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Land Taxes and Revenue Needs as Communities Grow and Decline: Evidence from New Zealand

Author

Listed:
  • Suzi Kerr

    () (Motu Economic and Public Policy Research)

  • Andrew Aitken

    () (Motu Economic and Public Policy Research)

  • Arthur Grimes

    () (Motu Economic and Public Policy Research)

Abstract

New Zealand is unusual in that nearly 60% of local services are funded from property taxes. These are a mixture of land taxes, capital value taxes, annual rental value taxes and uniform general charges. We explore the efficiency and equity of this system at both national and local levels. We find that the national property tax base is large relative to spending needs but that the variance in per capita tax bases across territorial local authorities is probably greater than is efficient or equitable. We find that land taxes are more progressive than capital value taxes. Our research also addresses local authorities' ability to provide services as their property tax base changes as a result of external economic shocks. We consider the occurrence of and responses to "fiscal stress" in a system of local government that is heavily dependent on property taxation. We provide some examples of the wide range of actual responses by local councils faced with similar population changes. Finally, we offer some tentative conclusions and implications both for New Zealand local public finance and for the use of property taxes, and particularly land taxes, more broadly.

Suggested Citation

  • Suzi Kerr & Andrew Aitken & Arthur Grimes, 2004. "Land Taxes and Revenue Needs as Communities Grow and Decline: Evidence from New Zealand," Working Papers 04_01, Motu Economic and Public Policy Research.
  • Handle: RePEc:mtu:wpaper:04_01
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    Citations

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    Cited by:

    1. Arthur Grimes & Andrew Aitken, 2004. "What's the Beef with House Prices? Economic Shocks and Local Housing Markets," Working Papers 04_08, Motu Economic and Public Policy Research.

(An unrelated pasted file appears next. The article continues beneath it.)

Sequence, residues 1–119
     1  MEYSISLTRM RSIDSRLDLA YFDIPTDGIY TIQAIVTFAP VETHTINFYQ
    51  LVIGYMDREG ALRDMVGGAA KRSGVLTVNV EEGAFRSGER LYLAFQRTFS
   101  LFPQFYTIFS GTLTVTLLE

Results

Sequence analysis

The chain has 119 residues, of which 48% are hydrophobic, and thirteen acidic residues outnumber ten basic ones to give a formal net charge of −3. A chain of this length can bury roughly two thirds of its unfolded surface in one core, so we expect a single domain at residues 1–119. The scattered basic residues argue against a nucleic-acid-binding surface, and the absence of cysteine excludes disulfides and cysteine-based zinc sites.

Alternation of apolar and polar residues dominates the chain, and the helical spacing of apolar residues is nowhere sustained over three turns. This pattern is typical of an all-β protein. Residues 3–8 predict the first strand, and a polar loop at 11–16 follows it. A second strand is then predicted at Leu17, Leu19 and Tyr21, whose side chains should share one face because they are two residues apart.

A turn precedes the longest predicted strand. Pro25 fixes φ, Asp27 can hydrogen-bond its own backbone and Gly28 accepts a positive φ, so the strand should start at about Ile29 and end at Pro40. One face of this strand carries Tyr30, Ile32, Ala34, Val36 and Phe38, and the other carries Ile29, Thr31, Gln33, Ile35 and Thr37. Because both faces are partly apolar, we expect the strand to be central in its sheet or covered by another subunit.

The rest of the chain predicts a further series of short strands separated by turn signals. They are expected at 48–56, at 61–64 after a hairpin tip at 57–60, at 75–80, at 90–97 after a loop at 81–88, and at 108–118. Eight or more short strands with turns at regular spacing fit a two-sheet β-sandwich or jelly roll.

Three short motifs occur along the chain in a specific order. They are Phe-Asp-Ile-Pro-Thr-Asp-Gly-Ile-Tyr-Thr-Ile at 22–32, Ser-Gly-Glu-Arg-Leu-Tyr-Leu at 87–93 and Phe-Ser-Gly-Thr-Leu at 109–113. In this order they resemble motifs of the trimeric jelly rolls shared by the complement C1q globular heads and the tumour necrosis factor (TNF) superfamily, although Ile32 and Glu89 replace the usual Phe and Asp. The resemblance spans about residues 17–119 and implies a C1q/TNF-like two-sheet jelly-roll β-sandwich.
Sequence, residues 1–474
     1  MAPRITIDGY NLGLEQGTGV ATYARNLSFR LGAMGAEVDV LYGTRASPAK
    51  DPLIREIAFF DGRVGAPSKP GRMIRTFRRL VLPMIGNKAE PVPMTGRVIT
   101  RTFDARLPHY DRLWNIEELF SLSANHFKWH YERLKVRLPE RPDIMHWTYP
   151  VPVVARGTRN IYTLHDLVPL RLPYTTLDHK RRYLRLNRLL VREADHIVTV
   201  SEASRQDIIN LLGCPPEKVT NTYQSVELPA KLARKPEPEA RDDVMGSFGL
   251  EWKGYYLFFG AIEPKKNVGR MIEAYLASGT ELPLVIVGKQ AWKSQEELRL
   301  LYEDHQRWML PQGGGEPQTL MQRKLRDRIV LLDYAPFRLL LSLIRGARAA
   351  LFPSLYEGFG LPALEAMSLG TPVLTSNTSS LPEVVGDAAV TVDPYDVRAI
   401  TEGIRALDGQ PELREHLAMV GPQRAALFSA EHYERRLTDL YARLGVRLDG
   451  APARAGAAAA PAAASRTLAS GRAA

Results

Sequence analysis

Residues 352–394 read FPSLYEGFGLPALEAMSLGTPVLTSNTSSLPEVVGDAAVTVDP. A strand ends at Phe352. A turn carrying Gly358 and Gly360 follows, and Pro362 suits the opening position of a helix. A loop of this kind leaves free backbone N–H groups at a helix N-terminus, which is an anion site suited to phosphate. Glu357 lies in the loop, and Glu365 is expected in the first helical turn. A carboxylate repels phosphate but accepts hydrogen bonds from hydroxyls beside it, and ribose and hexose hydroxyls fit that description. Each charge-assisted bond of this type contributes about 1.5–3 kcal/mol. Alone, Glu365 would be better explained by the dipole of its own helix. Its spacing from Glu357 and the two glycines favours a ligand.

2. Grimes, Arthur, 2005. "Regional and industry cycles in Australasia: Implications for a common currency," Journal of Asian Economics, Elsevier, vol. 16(3), pages 380-397, June.
    3. Arthur Grimes & Suzi Kerr & Andrew Aitken, 2004. "Bi-Directions Impacts of Economic, Social and Environmental Changes and the New Zealand Housing Market," Working Papers 04_09, Motu Economic and Public Policy Research.
    4. David C. Maré, 2005. "Indirect Effects of Active Labour Market Policies," Working Papers 05_01, Motu Economic and Public Policy Research.
    5. Steven Stillman & David C. Maré, 2008. "Housing Markets and Migration: Evidence from New Zealand," Working Papers 08_06, Motu Economic and Public Policy Research.
    6. Arthur Grimes, 2005. "Intra & Inter-Regional Industry Shocks: A New Metric with an Application to Australasian Currency Union," Macroeconomics 0509019, EconWPA.
    7. Michelle Poland & David C Maré, 2005. "Defining Geographic Communities," Urban/Regional 0509016, EconWPA.

    More about this item

    Keywords

    New Zealand; local government; property taxes; land taxes;

    JEL classification:

    • H23 - Public Economics - - Taxation, Subsidies, and Revenue - - - Externalities; Redistributive Effects; Environmental Taxes and Subsidies
    • H73 - Public Economics - - State and Local Government; Intergovernmental Relations - - - Interjurisdictional Differentials and Their Effects
    • H71 - Public Economics - - State and Local Government; Intergovernmental Relations - - - State and Local Taxation, Subsidies, and Revenue

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